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I'm Managing My Company's 401(k) Plan: Where Do I Start?


When you are new to managing your company's 401(k), it can be tough to find a square one. So, where do you start? First, you need to understand your role, others' roles and document who is and is a fiduciary on the plan.

I'm Managing My Company's 401(k) Plan: Where Do I Start?

As a kid, in our neighborhood, we had a father and sons campout every year. When I was about 8, I decided not to go because I was afraid of driving through the canyons. I was tall enough to see through the window, but I wasn't tall enough to see the road. So, I didn't know how close to the edge we were driving. I felt like, at any given second, we could be flying off the road to our deaths.

Because I work in the employer-sponsored retirement plans space, I talk to many plan sponsors and plan administrators who have a similar fear regarding their 401(k). They may be able to see out the window, but they don't know how far away they are from the edge of the cliff.

In my experience, many people who are managing their company's 401(k) plan haven't gone through any formal training. So, they are relying on the professionals around them to stay away from the edge of the cliff. These plan sponsors and plan administrators don't want to get in trouble with the DOL just because they didn't know what they didn't know, and they were just too close to the edge.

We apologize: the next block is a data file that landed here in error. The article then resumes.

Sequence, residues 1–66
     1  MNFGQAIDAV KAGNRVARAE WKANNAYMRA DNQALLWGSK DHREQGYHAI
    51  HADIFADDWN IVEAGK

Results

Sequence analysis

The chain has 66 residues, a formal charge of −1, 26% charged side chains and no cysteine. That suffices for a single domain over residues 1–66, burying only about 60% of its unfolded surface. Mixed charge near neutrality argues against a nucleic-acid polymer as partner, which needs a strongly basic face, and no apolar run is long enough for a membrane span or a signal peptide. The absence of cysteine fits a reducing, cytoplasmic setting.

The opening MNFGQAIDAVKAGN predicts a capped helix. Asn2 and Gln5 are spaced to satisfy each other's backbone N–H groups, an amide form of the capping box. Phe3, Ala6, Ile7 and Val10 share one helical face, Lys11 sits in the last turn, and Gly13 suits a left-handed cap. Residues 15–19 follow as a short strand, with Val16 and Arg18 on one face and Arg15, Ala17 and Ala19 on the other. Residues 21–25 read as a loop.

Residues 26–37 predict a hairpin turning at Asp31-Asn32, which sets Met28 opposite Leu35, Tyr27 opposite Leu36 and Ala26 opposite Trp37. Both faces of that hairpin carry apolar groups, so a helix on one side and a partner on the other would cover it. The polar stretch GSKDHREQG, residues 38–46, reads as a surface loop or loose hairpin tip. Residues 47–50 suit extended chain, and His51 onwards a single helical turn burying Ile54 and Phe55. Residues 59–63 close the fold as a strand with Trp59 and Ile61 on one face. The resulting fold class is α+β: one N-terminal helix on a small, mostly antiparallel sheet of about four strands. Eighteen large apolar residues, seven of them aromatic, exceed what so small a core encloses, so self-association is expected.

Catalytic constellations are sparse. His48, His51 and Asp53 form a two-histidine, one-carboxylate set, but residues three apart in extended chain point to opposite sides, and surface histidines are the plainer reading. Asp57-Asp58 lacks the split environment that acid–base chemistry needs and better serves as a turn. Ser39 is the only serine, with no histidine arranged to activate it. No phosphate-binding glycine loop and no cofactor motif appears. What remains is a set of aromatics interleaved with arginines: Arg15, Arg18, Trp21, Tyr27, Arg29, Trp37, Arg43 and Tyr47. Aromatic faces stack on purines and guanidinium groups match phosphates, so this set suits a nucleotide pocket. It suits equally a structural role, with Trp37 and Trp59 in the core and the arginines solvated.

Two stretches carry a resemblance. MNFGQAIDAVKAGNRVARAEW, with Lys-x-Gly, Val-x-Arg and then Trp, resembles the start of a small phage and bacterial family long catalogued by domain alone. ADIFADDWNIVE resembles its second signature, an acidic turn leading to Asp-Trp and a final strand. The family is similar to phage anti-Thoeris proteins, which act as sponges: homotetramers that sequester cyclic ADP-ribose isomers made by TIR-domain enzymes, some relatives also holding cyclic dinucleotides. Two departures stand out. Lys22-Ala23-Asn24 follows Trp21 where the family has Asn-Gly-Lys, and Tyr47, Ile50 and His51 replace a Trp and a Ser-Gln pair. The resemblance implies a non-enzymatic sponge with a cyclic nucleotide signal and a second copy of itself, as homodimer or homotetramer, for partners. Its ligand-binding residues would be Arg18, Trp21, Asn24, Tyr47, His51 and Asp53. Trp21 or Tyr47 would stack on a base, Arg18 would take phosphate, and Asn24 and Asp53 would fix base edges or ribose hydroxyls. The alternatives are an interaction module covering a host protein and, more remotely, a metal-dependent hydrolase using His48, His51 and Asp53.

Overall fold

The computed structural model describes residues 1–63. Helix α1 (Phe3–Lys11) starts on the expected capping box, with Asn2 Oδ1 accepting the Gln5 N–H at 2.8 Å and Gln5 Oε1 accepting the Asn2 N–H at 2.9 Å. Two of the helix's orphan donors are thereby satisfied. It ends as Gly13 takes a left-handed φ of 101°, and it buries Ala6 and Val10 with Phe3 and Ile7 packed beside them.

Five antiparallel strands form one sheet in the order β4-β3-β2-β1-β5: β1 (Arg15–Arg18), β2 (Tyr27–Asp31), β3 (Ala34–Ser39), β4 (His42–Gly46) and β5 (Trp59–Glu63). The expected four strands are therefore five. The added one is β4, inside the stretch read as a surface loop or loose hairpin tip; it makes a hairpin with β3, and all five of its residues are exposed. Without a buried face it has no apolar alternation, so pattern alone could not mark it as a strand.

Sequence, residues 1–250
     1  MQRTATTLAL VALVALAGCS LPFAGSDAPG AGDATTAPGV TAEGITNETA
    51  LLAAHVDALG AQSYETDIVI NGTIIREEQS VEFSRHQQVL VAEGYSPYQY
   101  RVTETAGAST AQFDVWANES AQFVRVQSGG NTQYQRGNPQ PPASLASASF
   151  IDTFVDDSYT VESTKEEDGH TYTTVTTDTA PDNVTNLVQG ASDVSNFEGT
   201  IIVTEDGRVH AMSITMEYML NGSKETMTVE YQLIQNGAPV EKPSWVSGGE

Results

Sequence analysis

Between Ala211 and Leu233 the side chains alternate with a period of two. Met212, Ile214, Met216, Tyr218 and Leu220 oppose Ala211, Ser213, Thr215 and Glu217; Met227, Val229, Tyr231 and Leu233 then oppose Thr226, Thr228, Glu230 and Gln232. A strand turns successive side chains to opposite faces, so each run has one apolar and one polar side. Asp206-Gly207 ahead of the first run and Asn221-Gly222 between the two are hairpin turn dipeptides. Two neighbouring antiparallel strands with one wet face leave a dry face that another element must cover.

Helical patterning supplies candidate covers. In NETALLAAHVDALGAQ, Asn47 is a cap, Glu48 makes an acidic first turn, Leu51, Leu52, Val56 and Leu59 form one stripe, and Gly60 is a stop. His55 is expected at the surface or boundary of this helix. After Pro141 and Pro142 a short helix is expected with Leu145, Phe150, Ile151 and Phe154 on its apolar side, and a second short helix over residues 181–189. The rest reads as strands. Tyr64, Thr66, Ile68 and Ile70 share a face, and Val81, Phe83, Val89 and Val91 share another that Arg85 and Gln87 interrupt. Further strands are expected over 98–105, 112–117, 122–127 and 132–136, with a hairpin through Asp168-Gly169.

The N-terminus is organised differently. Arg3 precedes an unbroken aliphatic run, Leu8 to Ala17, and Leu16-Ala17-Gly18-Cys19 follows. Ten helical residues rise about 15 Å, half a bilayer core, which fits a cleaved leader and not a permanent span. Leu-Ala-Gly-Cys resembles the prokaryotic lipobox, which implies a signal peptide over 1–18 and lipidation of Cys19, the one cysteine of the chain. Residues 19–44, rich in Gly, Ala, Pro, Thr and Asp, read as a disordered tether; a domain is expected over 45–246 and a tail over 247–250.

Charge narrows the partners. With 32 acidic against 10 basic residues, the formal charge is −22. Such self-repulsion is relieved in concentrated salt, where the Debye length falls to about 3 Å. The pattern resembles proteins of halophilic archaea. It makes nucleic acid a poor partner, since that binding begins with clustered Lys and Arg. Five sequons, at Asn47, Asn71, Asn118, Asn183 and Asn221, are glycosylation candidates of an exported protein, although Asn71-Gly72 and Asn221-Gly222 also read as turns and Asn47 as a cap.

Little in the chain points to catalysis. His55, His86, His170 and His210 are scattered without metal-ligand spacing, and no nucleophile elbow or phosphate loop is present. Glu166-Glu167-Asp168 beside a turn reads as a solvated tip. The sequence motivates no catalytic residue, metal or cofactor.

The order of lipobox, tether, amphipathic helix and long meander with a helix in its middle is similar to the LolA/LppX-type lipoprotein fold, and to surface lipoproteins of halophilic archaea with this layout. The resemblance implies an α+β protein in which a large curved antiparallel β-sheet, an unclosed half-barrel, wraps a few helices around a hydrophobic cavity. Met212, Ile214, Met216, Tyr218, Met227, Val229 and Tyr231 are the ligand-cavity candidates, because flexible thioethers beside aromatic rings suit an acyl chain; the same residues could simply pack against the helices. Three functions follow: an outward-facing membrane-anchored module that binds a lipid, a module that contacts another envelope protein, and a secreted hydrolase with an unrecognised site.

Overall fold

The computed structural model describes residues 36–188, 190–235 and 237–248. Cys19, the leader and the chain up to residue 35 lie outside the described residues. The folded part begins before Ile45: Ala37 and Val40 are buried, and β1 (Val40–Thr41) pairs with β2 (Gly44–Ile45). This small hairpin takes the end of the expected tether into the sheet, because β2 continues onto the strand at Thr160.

If you don't want your plan to be keeping you up at night because of the fiduciary duties you have, where do you start? To understand the first step, let's talk about sports.

If you are playing a football game, how are you supposed to play if you don't know who's passing, who's blocking, and who is receiving the ball? You've got to see the role everyone plays in managing the 401(k) plan. You need to know your part and the positions of those around you in managing the 401(k) plan. Who likes to find out after a problem has occurred they were responsible for overseeing it in the first place? So, step one has to be figuring out who is a fiduciary and who is not. You have to figure out what the responsibilities are of those around you as well as your own.

Once everyone is aware of their place on the team and acknowledges their responsibilities, it i's time to document. Who knows if and when you will be moving on to another position in your company. Who knows if and when you will be moving to another company or if the DOL audits you. But if and when things happen, it's good to know you have documentation of roles and responsibilities and the reasons for the decisions you make in a centralized place.

I hope this was helpful. We have other valuable content on our website at and a podcast, "In Your Business," with Michael Sayre. You can also look for us on social media, Twitter, Facebook, and LinkedIn. If you want to hear more of this or be informed next time we get more content like this, please subscribe.

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